UnScripted: Authentic Leadership Podcast

How To Launch A Startup! Feat. Sam Manez @samreidmanez #Podcast #Startup #Business

September 06, 2021 John LeBrun & La'Fayette Lane Episode 54
UnScripted: Authentic Leadership Podcast
How To Launch A Startup! Feat. Sam Manez @samreidmanez #Podcast #Startup #Business
Show Notes Transcript

🤯 In this episode, John and La'Fayette are joined by special guest Samreid Manez, CEO & founder of Valearnis App and ManezCo. Samreid joins us all the way from Perth, Western Australia to have a conversation about how to launch a startup. Seeing the need for a better education system in Australia , Samreid decided to reinvent education by designing an educational platform that is fully designed around a student -centric ecosystem that provides students with mastery-learning, gameful learning, iterative lessons, on-demand reporting, and team based competition. Find out how Samreid turned an idea into a startup that has had a global impact! To hear more you'll have to hit that PLAY & DOWNLOAD button!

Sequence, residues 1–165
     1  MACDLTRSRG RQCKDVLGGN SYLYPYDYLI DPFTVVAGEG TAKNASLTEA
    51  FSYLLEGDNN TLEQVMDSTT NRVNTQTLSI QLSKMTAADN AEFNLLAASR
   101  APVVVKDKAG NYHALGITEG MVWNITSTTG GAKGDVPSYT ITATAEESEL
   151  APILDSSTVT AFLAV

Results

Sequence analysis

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Welcome to the unscripted Authentic Leadership Podcast. A podcast we are seeking to lead change while also seeking to understand. We're also here as a platform for leaders to come together, to unite, to develop and empower other leaders in the areas of business, family, faith and community. I'm your host, Lafayette Lane, joined by my co-host, John LeBrun. And today, we are joined by our special guest, Sam Menez, all the way from the land down under Australia. You already know what time it is. Make Sam feel real comfortable, real good as he's decided to join us 12 hour difference time. So we got to add some extra claps in the comments section for him. He's join us today to have a conversation about how to start a lunch up. He is a educator. He's a scientist. He's a CEO. And he's also a founder. Very interesting young man. And I'm saying that as if I'm not young. But Sam is 25, so he's the youngest on the screen today. So selv, let's get right into the conversation as we just opened up and said, you're all the way joining us from Australia. Tell our audience a little bit more about who you are and what you do, man. Sure. Thank you guys so much for having me. Yeah, it's it's primarily for me. It's about it started off at six forty five then. And that's been that's been fun. But thank you guys for having me on the show. I'm really excited to see what we can come up with. Yes. So I grew up over here in Western Australia, probably one of our, I guess, smaller parts of the country. So by population, very small by size, very large. So almost like a Texas of Australia in a sense. But yes, that's that's where I grew up. My parents are from Malaysia. So they migrated over here in the nineties and they had me so first generation migrant. And yeah, I I've had a pretty long, varied journey. Should I actually start, I guess, with the education side of things? Yeah, man. Life wherever you want to start, man. Yeah, start. So I guess I'll give you guys the whole story. I grew up in a suburban city area for the first half of my life until about the age of 11. That's what my parents both became educators initially as they were migrants. They kind of had to start from scratch, and a lot of the things didn't translate over. My dad was actually a fighter pilot in the Malaysian Air Force, but when he came over here, that defense from one country doesn't translate to defense in another country. It actually probably makes it harder for anything else. So he had to be a taxi driver for many years, but then they got into university and became teachers, which is again, quite a bit different tangent. And they got out. Teaching are beginning works is because it's a government network, you can kind of get placed into different areas, maybe similar to how the police system works there, I'm not sure. But you can get posters, parts of the country, and if you go to rural areas, you get benefits, you might get a bit better pay, you'll get better housing, that sort of thing. So we could post it to a small country town. And I moved over there at the age of 11. We were the first nonwhite family in the town, which is interesting. So here we go. Everyone was loving the town that they're really nice. They're just they had a lot of questions. They didn't know a lot of things. So it was fun to share that with with them. And I grew up in this tiny country town, a small school. We had about 100 people in the whole school from. Yeah, from K to 12. So definitely had a smaller classroom. And I managed to finish the last year of schooling here, even even though we didn't have all of the subjects available in school. They had a service called Side, which is like an online learning service where teachers in in in the city connect with you once we give you content. And that was probably the first time I had my experience of online learning. And I realized how terrible it is, because it just it wasn't it wasn't connecting with me at all. I wasn't actually learning anything. I was just lucky that I had the independence to go there and then on my own. And what I would do is I would go on Wikipedia and YouTube and I would learn pretty much everything from that. And then I would touch base with the teacher once a week and pretend that I was learning from that class, but I really wasn't. So I've already identified a problem back then that, OK, if a kid can't learn in class for whatever reason, I need to supplement their learning online. What's available right now is just not doing it. So I already knew that was a problem. But after that, I got into uni and what I really wanted to do was just learn as much as possible, especially about the world around me. And I thought, okay, what what can I do here? What sort of degree could I do like that? So I decided to. About geology, a lot of people assume it's the odds, these rocks gradually from the rocks science, but actually it's hard science. We learn about literally everything that happens on Earth. So we do chemistry, physics, mathematics, you know, mineralogy, everything to do with that. Okay, great. This is a good place to start, at least. So I got a good geology background. We did some awesome research field trips. We we did all sorts of cool things. And the final year, you basically choose what stream you want to go into. So if you want to go into petroleum mining or be just pure academic stream petroleum wasn't too interesting for me, mainly because we learned a lot about climate change throughout the degree. So it didn't really make sense to go into that field. Mining as well wasn't really pulling me in so much pain was good, but I wasn't I wouldn't have felt a lot of, I guess, connection with my role as a miner again, because the way I got into it was to learn about things instead of the economic side of things. I wasn't really thinking about that. And so I decided to use the academic stream to just gain as much knowledge as I could, and then I would figure it out from there. So that's that's what I did. And I finished off the degree. And in my you know, my final holidays of the degree I was looking for work, I was I was thinking what I want to do, I need to do something with this degree now. And in that, in the meantime, I was volunteering in the high schools that my parents teach at. And I came across a few high school kids that were interested in doing some extra learning. So I would come into the school once a week with my little kids on a piece of paper, give them an assignment for the week. They would all give it a shot. I would bring in prizes. And I was like, wow, this is fun. Like, you know, I'm teaching these kids is fun. Do I want to be a teacher? Maybe that could that could be something that's interesting for me. But I was like, okay, what if I start giving them these quizzes online? Because I've got two schools that I'm I'm working with now and one's an hour away. Instead of me driving there, why don't I just make like a little bulletin board for them? And they could do things online. And I did that and it got even more kids on board. And I was like, oh, okay, this is fun doing online learning with these kids. There's something here. They're gaining something out of it. So that's great. And whenever I would go into these classrooms, whenever teachers would tell the kids, OK, now's the time to go on whatever online learning platform they were using. There was like a collective groan from the kids when they would like, oh, OK, right. We have to go do that. And I was like, oh, all right. You guys feel the same way about these programs that I felt when I was in high school. Not not too long or so. Obviously, nothing has changed in those few years. Maybe I can just I can do something. Yeah. So I teamed up with a whole bunch of teachers and we just made heaps of learning content. We made all sorts of lessons. We made about like forty thousand words worth of content. And I was like, OK, I can easily take this idea of creating a Eco-System, a learning environment. And I can show this to an investor. And they're going to pay for us to get developers and they're going to make it because I don't know how to code or anything like that. And that was probably one of the most naive moments of my life, because obviously it does not work like that. You can't just throw content, other words at someone and say, hey, I've got an idea. Please fund it. I don't know how to do it, but I've got the blocks as you helped me build it. Unfortunately, that doesn't work that way. So I we went back to the drawing board and I was like, OK, the issue is they don't have anything to play around with. Right. I say I want to make a learning environment or an application, but I have no way of demoing it. I have no way of really showing them a simple idea here. So I was like, OK, thanks for the content. Guys will sit on this for a while. I'm going to go online coding, so I'd sign up online and a bunch of coding languages. The main one I learned was Ruby on Rails. It's really it's a really good framework, which is building applications as fast as possible, especially if you aren't the most experienced coder, which I definitely wasn't. So it was really quick to just set up a very, you know, basic made up version of the application, a prototype. And then I finally had something I could show people and they were like, oh, OK, this is what you want to do. And there was time to get an idea of what we were trying to get done. And that's when I got into a pre accelerator program. I'm not sure they have they have accelerator programs on. Getting a greens in the US incubators and whatnot. Yep, yep, yep, apprec exhilarate program is basically between an incubator and an accelerator. So it's where you're a bit too advanced or an incubator, but you're not right at the exploration stage either. So we went through that program last year because I had a prototype, something to show them. And at the end of that, there's a pitch night and we ended up winning the pitch night, which was really cool. So we got a bit of traction there and people were understanding my idea. And from there, where it was basically just at that point, just me at the end of the pitch night to now there's 11 people at the company. So we definitely ramped up in the end of last year and all of this year. And you had a lot of people hopped on board because they were interested in what we were doing. And now I have amazing developers that are a million million times better than me, a coding, working on the proper version of the app instead of doing the the beta version that I initially made. So, yeah, it just came out, which is really exciting. So people can play with the the demo version of it, but now it's completely redone from the ground up with with much better art and much better background. So that that's what we we focused on that. But what I realized is that we need to there's a lot of things people learn in academia that don't translate over to the field for a long time, especially with with education, with cognitive neuroscience and all those sort of things. What people learn at the PhD and research level will only trickle into classrooms maybe after 10, 15, 20 years. And I'm not too happy with that, where we know people learn a certain way already. But we can't implement those things in classrooms now because change takes time. So I thought, okay, I need to go out and learn about these sort of things. I need to learn instructional design. I need to learn cognitive neuroscience. You learn how people think and how people learn. And I did that online, had a few American universities have just been really cool. So like University of Michigan, it's been really good for that university in Minnesota as well. This has been a lot of tough stuff over there. So I've I've managed to learn about, OK, what makes people tick and what makes people learn the best ways. And something we, I guess, found immediately obvious is the more free rein you give people, the better they learn. The more self-determination you give someone, the more they'll take charge of their their education, of their life, and that they'll direct their own learning. So the current classroom model we have now is the Victorian model. It literally hasn't changed since the Victorian era of a head teacher at the front of the classroom and all of the kids surrounding them. And it's one directional learning. There's no feedback loop there. There's there's no equal participation or anything like that. But that sort of methodology doesn't really translate to what works for the brain. Well, OK, so the brain is more of the ancient Greek style of learning where you all equally debate things. You all equally come to the table. You all have have a say in what you're trying to talk about, but you try to share with each other. So I thought, OK, giving kids the power to choose what they want to choose is important. Giving them the power to learn on their own, to learn at their own pace, to choose what they want to learn is important, because the more power you give people, the further they'll take that. So we implemented that into our application. And then something else we found is that people need to personify something in these things that they use. They need to feel a connection to them. So they need a avatar to to possess the character, to feel progression before. And we're implementing that as well, because they can feel a connection to the characters. That's good. But customization, all of those things are really important to this sort of to this journey. But what we also found is that the traditional school method is a it's a negative feedback loop. So you start off semester technically at 100. Right. And you start up at 100 percent and you go down from there. It is only going down, really. And if you're really, really smart, you starting off at 100, by the end of semester, you end up with your 60 percent or your 70 percent. Whatever you get, every test you do is bringing your average down. I don't know if you guys have ever gotten like a 40 percent in a test before in your life. Do you have a planning plan? Right. Maybe I'm being really honest. I was a test taker. So when when you got that Dimmock, when you got that 40 percent or whatever it was, do you did you feel like you meant something? Feel like you gained something from getting that market now. My thing is, is I always I always didn't want I probably could study harder, but I was that student there as we were going through the curriculum that says math. It didn't ever make sense, but it seemed like when we got to the next step, the old stuff made sense. And I was like, oh, now if I could only take the test now, I'd be fine. That was me calling, basically trying to figure out how do I hide this test from my parents? That was that was that perfect? You're you're you're the perfect student, because that point is exactly the right point to make you. You got the 40 percent, but you eventually understood the concept enough where you could apply it to the to the more complex method later on. So you still not the thing. It just took you a little bit longer. And when you would test on, it wasn't the right time to be tested on it. It just you had that aha moment a little bit later. That's the thing. So that 40 percent didn't do much in terms of your learning. It was only a negative thing to get. So how we've done ours is you only make progress upwards. You start off at zero and you only can go upwards from there. If you don't do too well in a in a lesson, you might not get the highest amount of experience points compared to what you could have gotten. But you're still gaining progression, is still increasing your level no matter what. So if you did okay in a test, your level goes up a little bit. So you're moving onwards and upwards a little bit. If you did really well, you move onwards and upwards a lot. So there's still incentive to do well. But even if you don't get there, you know, realizing that you're actually doing something, you're 40 percent still matters. You still went upwards in that direction. You still on your way to learning what you need to learn. So that's what we thought is really important, because even in university, it's still works on that one hundred downwith method where getting low marks doesn't do anything for you. The whole reason we have exams is not because exams are conducive for learning exams or only conducive for us as a society to understand if someone knows something, that it's perfect science. If if we once we can implement the technology to aggregate assignments and group work and then all those sort of things, that's a much better way of telling how much someone actually knows the content. It's it's a long form thing. It's not a two hour exam. So that's my I guess that's my Flexbox done on what I've been up to. I had this physics teacher, his name is Mr. Engelbrecht, and I always thought he was crazy. He would be like it was a hard topic, physics my senior year and he go class. I do things a certain way because I understand the human brain and hold up the brain. And here's what he would do. We would go through the curriculum. We would take a a test closed book. Small, small tests, not one giant one, they're always small each week. We will take it on, let's say, a Thursday or Friday. We the class would grade each other's stuff. We give each give the paper right back. And then he'd say, here's your quiz. Tomorrow we're going to have another quiz. And then we caught on after a few weeks. The next one was it was closed book, but it was identical to the first one. We thought, that's weird. But then every time we took it, I got a really good grade of a golf course. I got one. It's the same quiz. Well, here's the thing. I remember more from that physics class about anything in high school, because this crazy old man realizes that I was going to go back, study what I didn't know, learn it for the next day, because I thought, oh, I'm just going to remember that. I just learned and I still remember all these dumb physics concepts, because this crazy man had a new way of doing things instead of getting a bad grade. We just got the new grade. But for some reason, I can remember the way he had us go back and just fix what we messed up. We just set it in our minds what we are learning. So so giving us a bad grade. Right now, we're worried about how are we going to pass the next one and get our grades up. It was always just going to go learn what I didn't know and then I'll do better tomorrow. Exactly. Exactly. And you probably thought you were tricking the system by being really sneaky about that. Oh, yeah, I thought he is crazy. And he didn't know what he's talking about. But yeah, I mean, you land and that's that's all their job is. That's all the whole point of schooling is just to learn as much as you can. So. Yeah, that's the thing. That's a great point. Yeah. I want to make sure that the audience knows because you have an amazing concept that you've come up with. But I want to make sure that they know what you're talking about, the name of your app, the name of your company in specifics. So they can be a part of what you're doing, this educational innovation concept that you've come up with, because especially at the time that we're in. Some kids are doing in-person, some kids are doing online. And there's mixed emotions from the children of how they're learning. Being an African-American, the study is showing that we struggle with the online learning more than any other race because we need more of that, I guess, in-person teacher experience. But I think what you have created will help even the playing field for all. And I love how you talked about it's not about the teacher coming back, but a whole bunch of red marks on your paper. You know, I can always remember in class, everybody's looking around to see who has the most red marks, see what that number is within that circle, you know, and it doesn't teach the kid anything but makes don't feel bad about themselves. And it creates a culture of comparison instead of learning. Right. And so what you have created, I want you to give the audience the exact name of what you have created, the concept. And because you have I don't think what you have I don't think we have here in the United States. We have online learning and things of that nature. But the way the concept that you are teaching it from is a different angle that I think that we need implemented in every classroom. And what you have is not just in the classroom, in the school, but the classroom that can be brought to the house. So take our audience. Tell us what the name of your company is and how do you see education continuing to evolve in the future? Sure. One of our first for all, thank you so much. That is that is really, really kind of you to say. And it's really exciting to say to hear that from from your point of view, there might not be something like this over there, because I've done as much research as I could over here and we couldn't find anything. But if there's also not something over in the States, that's probably good news for us. That's that's great to hear. Our app called Villainies v a l e, a R and I. So it's just Vuh. And that learn is V'Landys. It's meant to be a learning ecosystem, a world of knowledge. So you're entering V'Landys when you come in. The company is called Miniskirt, and there is a differentiation between the company and the products. Romanesco is just my my last name. I started the company I attended many years ago because I jumped the gun. And I've been paying company fees for years just because I wanted to have the company name. But that's that's how that started off. So, yeah, Villainies is our app. You can you can just Google it. You don't even have to do the WW dot because there's nothing else called that, which is which is quite lucky for us. Again, what you said about people of color having having issue with these online things is also an issue with the characterization. Right. With a lot of these games that people play a character or have the character to personify is not normally a character that looks like you. I've played a million games where I haven't had the opportunity to play something that looks like me playing. I'll play something that I can identify with, and that's something that we've implemented into our application. It's important to have a diverse set of characters to choose from because kids need to feel that, oh, cool, that guy looks like me or that girl looks like me. And I know that seems like a like a trivial thing to some people, but something that some people take for granted. But it matters because if you can see that up on the on the screen, on the big screen or in the in the game or whatever you're looking at, you feel more empowered. So that's something that we're really trying to do. But you also touched on the comparisons, right? The comparisons of the red marks and all that. So we wanted to put competition into our application. But how do you put competition into something that's healthy? How do you entice that? Little bit of competitive drive without that, the unhealthiness that comes with it. So initially I thought, OK, well, a leaderboards is a straightforward way of doing competition, but then I was like, maybe I should actually do the research on how leaderboards work in terms of what they actually produce cognitively. And I found out that classrooms that use, you know, leaderboard methods where it's literally like the top five kids get to have their name on something. The issue with that is the top three percent of the classroom engages with that. The bottom ninety seven percent completely disengages from that entire framework because it means nothing to them. The second they find out that they can't be in that top ladder and that they assume they won't ever be, they stop trying altogether and they actually actively disengage more than they would have without this method. So this method doesn't really help anyone besides the top real cream of the crop. So that's not what I wanted to do at all. So then I thought, OK, how do we put competition in here? That's healthy. That's when you have teams, right? That's when you have houses, when you have factions, when you have something to support larger than yourself. So now, instead of having people up there, it's just three different houses, three different factions to choose from that. A student chooses three like a personality quiz to see what they identify with more. And those houses get points every time students within the house are doing and doing the work. So instead of feeling okay, this top guy is getting his name up there. It's that house is is doing well. I want my house to do well. So I'm going to engage more with the application. I'm going to work harder. And even though I know I might not be the strongest learner, I might not be able to do as many quizzes or whatever. That doesn't matter, because every tiny bit I do is adding to the pot. It doesn't matter that I'm not getting the highest marks, that that's not part of it at all. I'm constantly adding on to the increase that. So that's what we try to implement as well, because it really is. Are you familiar? Do you guys have as a sound random as a point, why do you guys have a ninja warrior things? In Australia, we have this thing called American Ninja Warrior. We were saying that the American one. My family is a huge American Ninja Warrior fan. My son did a couple of local competitions, stuff like that. We're not deep into it. We just love it. And here's the thing you talk about healthy competition is the only thing I've seen that a sport where. Everybody roots for the other person, even though there's definitely a winner and somebody who lost. But there's not really a loser in the fact that the environment of the competition is that you're actually only competing to do better to to outdo your past self. Yes. And if you don't win, it's not because, you know, somebody was dependent on you whether you have won or lost. It's not like somebody pulled you down or had a disadvantage or anything like that. And it's created this healthy competition that as I watched it, that is really hard to do. I know it's hard to duplicate, but it would probably bode really well even within education, because the students aren't they're not getting penalized because they're not as good. But instead, they're rooting the other competitors to just outdo their last run, to outdo the last obstacles. Or if they couldn't do one and somebody else learn from it, then they can go in further succeed because somebody else has showed them half the path. Or once somebody has figured out the path, they get to go again and they can now figure out how to get through there because somebody helped pave the way or walk the minefield. So sounds I know it sounded random, but I know that they created in this sport is a healthy competition where you are championed to do well, but you're not. Brought down if you have a bad day. Exactly, exactly that that's that's exactly what we're trying to embody. I guess a core philosophy is we want to build something that we want to have used when we were in school. That's a pure core philosophy that we want to build something that we love and that we really cherish and that we want to use is that we were a student. So that's what we're trying to go for that. Another important thing that we've implemented is cumulative assessment instead of some summative assessment. So that that might sound like an educational jargon might. I'll dove into that now. How school works, how university works is you get a grade at the end of the semester and Appam, whatever it is, at the end of your learning period. Right. So what does that grade mean? So when you get your B mark that you get end of semester, you go away for your school holidays. Right. When you come back in the next semester to start learning. Did that bee do anything for you? Do you do you think about it? Does it does it play around in your head or do you just get the report card? Should your parents and you forget about it for the rest of your life? Right. You basically just you just move on. It means nothing at that point in time. It would have been like, wouldn't it be nice to know that you were on a be halfway through semester, halfway through, you get to realize, oh, okay, I'm sitting on a B, maybe if I want to do a bit better, I can improve it now or I can I can stay here from comfortable with that. But knowing where you're at in real time is so important. And we haven't been able to do that in the past because we've relied on teachers to to report on on on these sort of things and reporting. Well, as I know from my parents is a pretty taxing is probably the most taxing part of an educated work. It's that's the most intense session for them where they have to do a lot of work and they can only do that twice a year. So it's been hard to ask them, you know, constantly give me an update on how my students are doing, A, for a student to be hey, I want to constantly know exactly how well I'm doing, exactly what I'm not learning, exactly what I'm learning. Well, every single day I want to know. But we can't do that with with people. We can do that with technology. But when you use an application like odds and you completing work on us any day, any second, whenever you want, you go and check out your your report and you can see exactly how well you're doing it. Every single not even every single subject, every single topic you can see. Okay, in physics, you know, something I'm really good at is the vectors and things like that. But what I'm really not good at is understanding the different equations around gravity. So I can see an obvious way of improving. I mean, I'm not good at something. I'm really good at mathematics. Same thing. I'm really good at the space measurement stuff. So I get shapes. Shapes are great for me. But when it comes to no and algebra, I'm just I'm not getting it. My my my scores there aren't too good. I wanted to bring them up. I've identified in real time where I'm having issues with instead of getting a B at the end of my learning period, I'm understanding in real time what I'm not doing well with and what I am doing well with. And I can change it and I can have full control over it right then and there. Adobe is obviously handy for parents as well, because instead of waiting for the end of the learning period to find out how well the kids are done, they can learn every single week, every single day exactly how well the kids are doing. So that's why our app is is in homes as much as it is in schools. You talk about the importance of technology in education, from what I'm hearing, it is not optional at this point. It is it is absolutely vital and necessary to the success of the education of our up and coming generation. We talk about, you know, we always say, are you here? Are the older people say the next generation? Well, the next generation is this generation. You know, they're here. It is now. Right. And so even all us on this screen, we're all millennials. But, you know, we have families. We have mortgages. You know, we have kids. Right. And so the kids that we have are coming up in that educational arena. Morsell speaking to them. What can we do as parents to employ? Of course, we're going to get your act. But what can we do on a on a day to day basis to create a culture of education within our home? Right. Yeah. Can speak to that. I can get yeah. Culture of education is the most important thing. People people tend to think that education comes from the school. It doesn't. Historically, it never has. School is a relatively new thing. Education has been a parent's job from, you know, from prehistory. That that's how that's how it works. You you make a kid, you educate it through life. You're not only teaching it how to walk, you're teaching it how to talk, how to learn, how to behave, how to understand the world around it. A parent is to say to a parent is an educator. And more parents need to realize that. And they need to fully grasp that. Now, I'm not sure how it is over in the US at the moment, but unfortunately in Australia, we have had a really long distancing from education. A lot of families here haven't been valuing education much at all, and they haven't been putting much emphasis on it. And that has led to a huge skills shortage. So we rely on a lot of our really highly skilled jobs, like our epidemiologists and those sort of like neuroscientists and the sort of jobs from outsourced labor workers that they migrate over here on on migrant visas from from Asia, where they tend to have a better track record with their cultural value on education. Over here. We don't value it as much. We've had a lot of mining and mineral and resource booms over here, meaning that people don't actually for the longest time, they didn't have to go and get these these high level educations to to make a living for themselves. There was one point in time when the resource boom was so crazy that in America you have the guys that do the stop in. Stop and slow down that. Yeah, yeah, yeah. We're getting a hundred grand there. We're getting a hundred grand a year at the at the peak of the, you know, things got crazy. Things are paying like 20 bucks an hour kind of thing. Yeah, yeah, yeah. Well, we had kids in school telling teachers, hey, I don't want to learn this, I don't need to learn this. I'm going to finish school and get. We got a year 12. I'm going to finish school year 10, and I'm just going to go and do that because I can earn more than what you're earning, doing whatever I want for the kids already. We're already hearing that and we're hearing that from the home. So the issue is the issue isn't that, you know, labor is an important labor is super important and people need to grow and do exactly what they are meant to do. That's fine. But we had a huge skewing the opposite way where we had so many people moving away from academia that now in a time like Covid, where we're pretty screwed, right, where we don't have we don't have those those skilled people anymore, and we can't rely on bringing them in because our country is pretty much shut at the moment. So what do we do? It would be great if we had a highly educated workforce here, but at the moment we don't. So that's something people have moved away from. But what parents can do, literally more understanding, I think, is important. Understanding of your role as a parent is predominately a role of an educator. You're not you're not a career first and foremost. You're an educator first and foremost. And taking full control of that is is important, doing as much research as you can and finding out as much as you can. Being proactive about your child's learning is really important. And I do think we need to live in a world where the only parents that are doing the right by their kids in terms of education are the ones that are sending them to private school. I'm not a fan of that world. I, I went to public school every year, and I think it's nothing short of unacceptable for the public school education to not be the best education you can get. I don't like the idea of you having to send your kid to. And thousand dollar school of forty thousand dollar school to get a good education, because that just means that 90 percent of kids are not getting that good education and that's not fair. And you won't have people leaving their socio economic statuses with these sort of systems where the only way of educating yourself well is a private school . So then kids born in areas that aren't too well off are never going to leave because they can never advance themselves. That's not great either. So with technology, we can finally bridge that gap. We finally have the resources now to convince those good education and all those good things into cheap, usable programs, programs that any school in the world can use, any parent can use for for, you know, reasonable prices because of technology. We now have the power to do that instead of relying on on spending ridiculous amounts of money on private schools. We can you know, we can we can put this in every home. We can put this in every classroom. And that's something that's really important. Yeah, so there is two very data driven public education, so that's my wife is an educator. She just retired from that to stay home and in homeschool. My children and I can tell you for a fact that it's very data driven because the government wants to know what's works and what doesn't. And the only way they can know apparently, allegedly, is by testing and testing and testing, which runs into the problem of allowing kids to explore and to learn and give them that chance to grow, to fail and to grow again, which is really how you learn. But that's also why families I've looked into it as you grow economically, you look for better ways to educate your children, because, you know, the public system is fine, but there's better. So there's Montessori schools and things that allow your child to explore and try and not just sit in the chair all day. And so and those those are failed. It's hard to even find room. And they cost thousands of dollars a year, sometimes tens of thousands a year. And parents are just like, yeah, do it, let's do it. And unfortunately, it definitely helps. It definitely loads up one side of the economic family because. And also, I love what you said about the parents responsibility to teach. I have been preaching that forever. My wife's a teacher and so many families assume, hey, my kids are doing well. It's your fault. But my kids, my son is an excellent student. What they don't realize is we've read with him literally every night of his life since he was by three to six months old. He was a little blob. And we would read to him in his seat. And I thought it was ridiculous. I'm like, honey, why am I reading? So he can't even talk. She's like, just do it. And I'm like, all right. So I would do it. And I'm telling you what they learn from just reading little books and how they understand their new interests. What do they want to explore? There's so much you can gain just from a little 15 minute book a night. But anyways, the problem is, though, and I don't know if you have an answer to this as the families continue to break up and it is and you have more and more single family households. It gets harder and harder for the family to find that time, because I hear families. I don't have time. I don't have time. And my I want to say, you have to make the time. But let's be honest, a single mom sometimes working two jobs, trying to get their kids into extracurriculars so they can be out and play football and do other things. And if they can even get to that, it really does make it. They're their children have to have less advantage than my children whose family we've stayed. We obviously we have a family unit that's strong. And I'm not downing the single family, family parent, the mom who's taking care of her kids. It's a local hero. But how are they supposed to compete? When I can read to my kids every night, I can put them in extra programs. I can put them in online. You know, speaking classes and all kinds of stuff. Yeah. In the past, they couldn't that for the longest time, they couldn't compete. There was literally no way, you know, if they don't have the time and they're working so much, that's understandable. You know, if you're a single parent, live life isn't easy and you're just trying to do the best by your kids. And yeah, you don't have time to to be that teacher for them as much as you'd like to be. And you can't afford to get a tutor for them because, you know, tutoring is expensive, 30 bucks an hour. And yeah, you can't afford. It's about 40 bucks an hour. Yeah. You can't afford to put them in school. You can't. I was going to some private schools into Montessori schools or whatever. So you couldn't give them a good education. Now the technology is getting there. Technology is getting there to where if you can afford Netflix, you can afford a good enough program for your kid. But the flip side of that is, even if you don't have time, fostering a culture of education at home is as simple as instilling values in your kid, that this matters, even if you not so much, you can still instill in them the idea, the you know, the drive that, hey, this matters. This is really important. You need to go out and grasp this. You know, I might not be here all the time. I might be really busy working as much as I can, but just realize that maybe they can even frame it as, hey, I have to do this. If you don't want to have a life that is busy when you grow up and when you want to be less stressed, maybe you need to, you know, engage more with education and you need to go really far. But you do tend to see that in in some families like that, where where they are struggling, they will instill those sort of values in their kids because they want them to to get out of that situation. They want to. Do as well as they can, so I think it can really be as simple as that. If you are not fostering that culture at home just by talking about it, just by emphasizing it, then you should be. And now with with technology, I mean, regardless of our app or not, is there's a lot out there that you can pay for that's around the same price as Netflix. And you can get a pretty good, you know, complement to their learning. What kind of thing is your app like lessons does your app teach if a parent wants to get on your app, which is guys, it's priced amazing. By the way, I'm on his website on my phone right now. What kind of things do they learn? Yeah. So we've got all four major subjects over here. The four major subjects of science, humanities, English and mathematics. So a lot of these learning apps either focus on just one subject or just math and English. I don't see the point to that, because in school you do a whole range of subjects, and throughout most of school, you tend to do the big four almost equally, especially like the first 10 years of school. So if if it's important to do all four equally, to get a good understanding of the world, I'm not too sure why a lot of these apps only focus on one. I don't see why it would be conducive to learning to learn math on one app and then English on another app and then humanities somewhere else and have nothing of it translate over to each other to have no progression that that translates over. So that's not what we were we were interested in. But what we were interested in is creating a full ecosystem that people can actually engage with properly, that people can actually, you know, learn the whole suite of everything they can learn in one one nice world to let it in. That was really important to us. But also seeing how you asking me about how I see technology changing education around the future and the future ideas, what changes it will have. Yeah, the fact that the fact that we're still not there is is crazy to me, because the amount of innovations we have outside of education every day is crazy. Like everything's moving so fast, so rapid. Every year we have some sort of new new crazy increment. But education moves really, really, really slow. And it's a slow moving beast because they don't want to do something wrong. It takes them a long time to be like, OK, let's implement this thing. And it's like a really, really small shift over to it. But these kids are growing up in a world that's ever changing, like one year. The next year is almost like shorter because things just happen faster and faster. Yeah. In the classroom, things are like back to the eighteen hundreds. So that's not good enough. That needs to be improved. And unless you can really help with that now where we have things like machine learning in a classroom, then that would be really cool. So what we want to put into our app is our machine. The reason we we have Python is the back end of our app is because it's really good for machine learning. Now, what we could do with machine learning is any quizzes you do any less than you do. The questions you get, your pathway will never be the same as anyone else's. It's perfectly calibrated to you as what is challenging to you. Now, let me explain that. Let's say we both do a physics quiz. We both do the exact same quiz. Now we get the same first question as a first opening question of the quiz. But I get the question right and you get it wrong. So I get that first question right now. I know on the back end side of things with machine learning is bumped me up in terms of difficulty for the next question. You got that? Got it wrong. It's bumped slightly down on difficulty for your next question. So now we're going to go through the entire lesson, getting bumped up and down, up and down, up and down through all the different streams of difficulty throughout the lesson. Do you have a perfect experience of keeping us basically challenged the entire way through and we'll both come out of it being like, oh, OK. Yeah, that was a pretty good quiz because it was an equal amount, not an equal amount. It's easy for both of us, even though we were at different levels. It completely matches where we are to keep his challenged in that balancing act where we were challenged enough to improve, but not so much where it was just way too hard. And we've disengaged. So those are the sort of things that I'm excited about. But even when it comes to I like the they'll never be a replacement of having a human teacher in school because they do a lot more than being a educator. And they care. They teach in that social ways in social interactions. There is a human touch and they're really important for that. But having A.I. in the classroom would be so handy for understanding how each kid learns how to teach. You would have to be Superman to to understand exactly how each of the three kids in their classroom learns by having an A.I. assigned to each one of those kids, more like a companion companion. The kid has that fully understands and that knows exactly what they're good at, exactly what they struggle at. That can then be given to the teacher as data to say, hey, when you're assigning work to this kid, remember that these things are things that you really struggles with. These things are things that he's really good at. This is the best way he needs to learn. And that data can be given to every. From every kid to the teacher, so we can't do that now. You could literally to have a specific tutor for every kid working on them 24/7 to recreate that. But with with a little HeyI companion, you could do that and you would still have that that human interaction on top of it. So those are the things I'm really excited about. Absolutely, and those of you that are interested in getting your hands on this, he's even offering is even offering a two week free trial at WW w Adobe villainess dot com. That is Vaill e a R in I s dot com. We want you to stay connected to what Sam is doing. You can follow him on his personal page on Instagram and LinkedIn at Sam Reed Manasa that is Sam r e i b m a in easy on Instagram and LinkedIn. You also can connect with that educational platform two different ways villainous Instagram or LinkedIn. That's Val E a R and I just like the website on Instagram and LinkedIn and also Menez, SEO, M.A and Easy SEO, Instagram, Facebook and LinkedIn. Also, stay in tune to what we're doing here on Unscripted Connect with those on all our various social media platforms, unscripted, authentic leadership cars on Facebook and LinkedIn, and also our Instagram handles at unscripted leadership and at Unscripted Lead on Twitter. Those of you that are part of our listening audience that you stream your podcast, you can find it on any where podcasts are provided from Apple to Spotify, Pandora, whatever, a podcast platform you can think of. You can type in on scrypt authentic leadership podcast. You will find us there. Check us out on our website, unscripted. That's leadership dot com, where we have an amazing mastermind group that you can sign up for. Some of you were asking what is a mastermind group? You it is simply just a place to where you can have peer-to-peer interaction, you can network, you can connect with entrepreneurs, thinkers, those influencers that you are looking for. Looking for a place to put your ideas to be heard. Looking for a place to have a environment of creativity, ingenuity. Well, you will find it right there on unscripted. That's leadership dot com or our mastermind group. While you're there, sign up for our email group where you will receive a 10 percent of Mert's promo code. When you do so, that'll keep you into what we have coming down the road, what we're working on right here on Scrypt it. Agim, that has been an incredible conversation with our special guests all the way from down under Sam Reed. Behnaz, to have this incredible conversation, we say thank you about starting how to launch a startup and how you can do so. You've got a vision, you've got a dream. You want to be an entrepreneur. You can go after it. It's possible, as always, we pray that you be the leader that God has called you to be. We're here to build bridges and not walls. Bridges connect, walls divide until next time. God bless you.